AGV navigation typically uses one or more of the following mechanisms:
Magnetic guide tape — some AGVs have magnetic sensors and follow a track using magnetic tape.
Wired navigation — some AGVs follow wire paths embedded into the facility floor. The wire transmits a signal that AGVs detect via an antenna or sensor.
Laser target navigation — with this method, reflective tape is mounted on objects such as walls, fixed machines, and poles. AGVs are equipped with a laser transmitter and receiver. The lasers reflect off of the tape within the line of sight and are used to calculate the object’s angle and distance from the AGV.
Inertial (gyroscopic) navigation — some AGVs are controlled by a computer system with the aid of transponders embedded into the facility floor to verify that the AGV is on the proper course.
Vision guidance — No modification is required to the infrastructure for vision-guided AGVs. Cameras record the features along the route, and AGVs rely on these recorded features to navigate.
Geoguidance — Like vision-guided AGVs, no infrastructure modifications are required for AGVs that use geoguidance. Geoguided AGVs recognize objects in their environment to establish their location in real-time to navigate throughout the facility.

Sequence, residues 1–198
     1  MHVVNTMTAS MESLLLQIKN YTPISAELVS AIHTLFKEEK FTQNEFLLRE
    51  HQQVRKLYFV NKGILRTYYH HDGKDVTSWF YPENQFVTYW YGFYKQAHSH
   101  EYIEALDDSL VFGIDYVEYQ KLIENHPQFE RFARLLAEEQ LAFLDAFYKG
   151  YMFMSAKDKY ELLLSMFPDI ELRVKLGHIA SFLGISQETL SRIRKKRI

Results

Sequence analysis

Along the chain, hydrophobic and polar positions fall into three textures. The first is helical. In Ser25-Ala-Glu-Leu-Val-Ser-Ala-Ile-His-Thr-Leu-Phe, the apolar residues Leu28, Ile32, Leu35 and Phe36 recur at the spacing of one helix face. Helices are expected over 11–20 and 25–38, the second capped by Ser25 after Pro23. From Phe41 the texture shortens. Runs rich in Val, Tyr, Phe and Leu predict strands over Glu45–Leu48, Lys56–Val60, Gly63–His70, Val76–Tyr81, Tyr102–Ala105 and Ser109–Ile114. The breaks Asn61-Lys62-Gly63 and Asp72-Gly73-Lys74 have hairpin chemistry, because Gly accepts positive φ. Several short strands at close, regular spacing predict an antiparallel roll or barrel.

LiDAR — LiDAR (Light Detection and Ranging) is a sophisticated navigation technology utilizing sensors that transmit laser pulses to measure the distance between the robot and objects in its environment. This data is compiled to create a 360-degree map of the environment, allowing robots to navigate the facility and avoid obstacles without the need for any additional infrastructure.
About the Author(s)
Rob Spiegel has served as senior editor at Electronic News and Ecommerce Business, covering the electronics industry and Internet technology. He has served as a contributing editor at Automation World and Supply Chain Management Review. Rob has contributed to Design News for 10 years.